After thorough deliberations, Lancaster County officials have reached a consensus on how to allocate opioid settlement money, identifying their drug task force as a top priority, and proposing an annual spending of $275,000 from the funds specifically for this purpose. The decision highlights the county’s focus on addressing drug-related issues, but it also raises questions about the broader allocation of the settlement funds and how they can best serve the community’s needs in the ongoing fight against the opioid crisis.
Recently, after seeking approval from the state oversight board responsible for overseeing the appropriate use of settlement funds, they obtained the green light. However, the county’s specific plans for the funds remain unclear, reflecting an ongoing debate, sometimes taking place behind closed doors, about how to allocate Pennsylvania’s opioid windfall.
Agreements with Johnson & Johnson and major drug distributors are anticipated to bring approximately $1 billion to the state over 18 years, with the majority going to the counties. Additional opioid cases are also expected to yield substantial funds.
While some counties plan to direct the opioid settlement money towards police efforts to make arrests, harm reduction and treatment advocates have expressed concerns. They fear such allocations might overshadow more pressing needs, deviate from the intended purpose of the settlements, or perpetuate a war-on-drugs mindset.
Jason Snyder, who advocates for addiction treatment providers on behalf of the Rehabilitation and Community Providers Association, emphasized that the funds were intended to help individuals rebuild their lives and deemed the $275,000 annual allocation for the drug task force as inconsistent with the settlement’s spirit.
In response to the county’s inquiries, the Pennsylvania Opioid Misuse and Addiction Abatement Trust, a 13-member oversight board, generally approved the request for funding the Drug Task Force. However, the trust suggested establishing a mechanism to assess the effectiveness of the money spent and its impact on keeping drugs out of jails.
The question of what law enforcement spending is allowed has been a contentious and confusing issue. The trust issued guidance indicating that drug enforcement efforts were not explicitly authorized under the settlement. Nevertheless, counties could seek permission from the trustees and ultimately the Commonwealth Court if they wanted to use the funds for law enforcement purposes.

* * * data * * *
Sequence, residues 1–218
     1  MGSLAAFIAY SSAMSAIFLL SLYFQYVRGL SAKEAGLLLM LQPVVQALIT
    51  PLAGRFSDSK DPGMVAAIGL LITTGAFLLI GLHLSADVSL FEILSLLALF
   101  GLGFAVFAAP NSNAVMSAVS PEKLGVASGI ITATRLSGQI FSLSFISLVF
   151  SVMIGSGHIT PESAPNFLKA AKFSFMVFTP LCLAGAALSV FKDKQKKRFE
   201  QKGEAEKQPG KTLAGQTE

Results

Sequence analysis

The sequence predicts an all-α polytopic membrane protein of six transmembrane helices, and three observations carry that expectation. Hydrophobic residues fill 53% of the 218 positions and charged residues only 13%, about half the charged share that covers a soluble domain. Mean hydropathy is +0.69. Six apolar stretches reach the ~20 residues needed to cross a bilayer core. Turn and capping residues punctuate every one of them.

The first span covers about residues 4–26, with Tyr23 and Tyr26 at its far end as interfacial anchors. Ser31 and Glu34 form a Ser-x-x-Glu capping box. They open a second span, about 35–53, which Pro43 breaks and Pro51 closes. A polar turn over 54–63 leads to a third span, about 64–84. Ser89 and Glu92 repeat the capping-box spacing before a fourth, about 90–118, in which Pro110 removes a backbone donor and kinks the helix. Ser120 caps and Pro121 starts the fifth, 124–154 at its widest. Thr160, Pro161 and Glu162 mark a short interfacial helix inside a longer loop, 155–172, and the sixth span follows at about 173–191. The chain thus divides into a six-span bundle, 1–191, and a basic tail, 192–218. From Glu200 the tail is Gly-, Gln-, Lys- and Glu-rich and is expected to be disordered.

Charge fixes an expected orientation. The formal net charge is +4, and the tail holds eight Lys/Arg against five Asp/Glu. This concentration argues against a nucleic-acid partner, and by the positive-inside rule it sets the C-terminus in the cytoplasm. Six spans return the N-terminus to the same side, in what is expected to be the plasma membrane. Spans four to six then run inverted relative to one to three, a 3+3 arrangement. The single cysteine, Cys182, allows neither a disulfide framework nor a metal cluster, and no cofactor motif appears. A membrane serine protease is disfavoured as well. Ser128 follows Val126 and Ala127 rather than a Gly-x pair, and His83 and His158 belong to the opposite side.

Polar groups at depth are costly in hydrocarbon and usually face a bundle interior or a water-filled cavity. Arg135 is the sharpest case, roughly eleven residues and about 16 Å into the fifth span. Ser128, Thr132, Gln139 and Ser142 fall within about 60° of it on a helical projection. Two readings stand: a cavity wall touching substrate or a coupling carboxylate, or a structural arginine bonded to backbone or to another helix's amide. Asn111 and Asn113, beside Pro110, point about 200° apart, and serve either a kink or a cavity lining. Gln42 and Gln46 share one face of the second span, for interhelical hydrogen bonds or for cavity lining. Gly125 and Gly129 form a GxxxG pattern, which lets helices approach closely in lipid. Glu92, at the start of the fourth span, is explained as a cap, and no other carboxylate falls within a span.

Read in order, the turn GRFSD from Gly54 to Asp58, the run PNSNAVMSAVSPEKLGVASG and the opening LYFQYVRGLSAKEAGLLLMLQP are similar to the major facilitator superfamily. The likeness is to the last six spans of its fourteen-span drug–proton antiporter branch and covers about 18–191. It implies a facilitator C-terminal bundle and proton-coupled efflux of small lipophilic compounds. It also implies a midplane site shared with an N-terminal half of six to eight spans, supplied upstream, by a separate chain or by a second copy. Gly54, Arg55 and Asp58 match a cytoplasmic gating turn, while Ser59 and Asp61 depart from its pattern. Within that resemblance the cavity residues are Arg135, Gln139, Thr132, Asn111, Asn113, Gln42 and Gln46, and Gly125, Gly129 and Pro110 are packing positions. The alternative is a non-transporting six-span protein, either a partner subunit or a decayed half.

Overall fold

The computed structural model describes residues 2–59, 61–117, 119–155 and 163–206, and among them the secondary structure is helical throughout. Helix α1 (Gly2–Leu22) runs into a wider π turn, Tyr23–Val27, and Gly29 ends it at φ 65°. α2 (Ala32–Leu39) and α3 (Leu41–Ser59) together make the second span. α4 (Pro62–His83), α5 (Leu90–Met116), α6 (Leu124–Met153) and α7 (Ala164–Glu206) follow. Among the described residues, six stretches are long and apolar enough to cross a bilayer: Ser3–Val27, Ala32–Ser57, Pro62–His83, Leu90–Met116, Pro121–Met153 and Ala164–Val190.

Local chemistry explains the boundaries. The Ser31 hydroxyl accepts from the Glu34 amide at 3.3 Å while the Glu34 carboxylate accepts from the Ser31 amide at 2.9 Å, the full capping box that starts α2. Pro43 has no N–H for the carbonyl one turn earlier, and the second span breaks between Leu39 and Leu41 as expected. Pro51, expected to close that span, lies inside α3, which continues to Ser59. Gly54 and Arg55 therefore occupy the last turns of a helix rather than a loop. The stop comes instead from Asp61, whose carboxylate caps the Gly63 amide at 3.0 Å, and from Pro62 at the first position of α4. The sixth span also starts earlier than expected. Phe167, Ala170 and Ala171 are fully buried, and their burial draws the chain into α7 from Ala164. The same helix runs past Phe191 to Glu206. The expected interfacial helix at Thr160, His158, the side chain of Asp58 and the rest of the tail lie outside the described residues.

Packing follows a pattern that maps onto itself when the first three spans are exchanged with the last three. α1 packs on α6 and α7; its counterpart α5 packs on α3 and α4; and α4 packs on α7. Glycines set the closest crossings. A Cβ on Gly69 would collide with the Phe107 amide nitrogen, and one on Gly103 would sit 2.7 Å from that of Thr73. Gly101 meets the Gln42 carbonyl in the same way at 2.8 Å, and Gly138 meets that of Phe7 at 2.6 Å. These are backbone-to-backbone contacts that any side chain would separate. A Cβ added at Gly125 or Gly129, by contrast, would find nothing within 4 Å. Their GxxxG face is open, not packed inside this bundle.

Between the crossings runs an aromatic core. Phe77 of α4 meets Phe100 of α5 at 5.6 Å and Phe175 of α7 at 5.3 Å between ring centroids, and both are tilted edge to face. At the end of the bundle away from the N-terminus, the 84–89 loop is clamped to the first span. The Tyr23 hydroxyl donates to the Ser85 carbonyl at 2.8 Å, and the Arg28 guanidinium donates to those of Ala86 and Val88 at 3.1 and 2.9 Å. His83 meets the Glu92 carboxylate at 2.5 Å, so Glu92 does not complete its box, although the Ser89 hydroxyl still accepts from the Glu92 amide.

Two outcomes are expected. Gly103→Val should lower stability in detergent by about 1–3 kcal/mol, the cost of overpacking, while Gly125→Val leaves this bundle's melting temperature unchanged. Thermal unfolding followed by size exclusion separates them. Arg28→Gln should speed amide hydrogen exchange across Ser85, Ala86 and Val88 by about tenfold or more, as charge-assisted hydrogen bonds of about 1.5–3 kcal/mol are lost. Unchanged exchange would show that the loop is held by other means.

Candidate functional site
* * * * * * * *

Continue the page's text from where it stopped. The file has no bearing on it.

County officials are obligated to file opioid settlement spending reports annually with the trust by March 15. However, the trust waived that requirement in 2023. If trust officials find inappropriate use of funds, they have the authority to withhold the money, and failure to rectify the issue may lead to funds being cut.
Transparency and accountability have been called into question, with public health policy researcher Gail Groves Scott urging the trust to publicly share the guidance provided to counties. She emphasized the importance of having access to these documents to hold officials accountable before spending the money.
As discussions continue at public meetings, the Lancaster County district attorney’s office has indicated that the request for funding the drug task force is being reviewed and may be amended to focus on treatment courts, education, medication drop-off sites, and other goals related to the opioid crisis.
Apart from Lancaster County, officials from other counties have also sought guidance from the trust on how to spend opioid settlement money. Requests include funding for a county detective position in Clearfield County to investigate drug-related crimes and a body scanner at the Greene County jail to prevent drug smuggling.
Amidst the uncertainty and ongoing debates, county officials have made decisions independently to proceed with planned allocations if approval from the trust was not forthcoming, and have considered using other funds if necessary.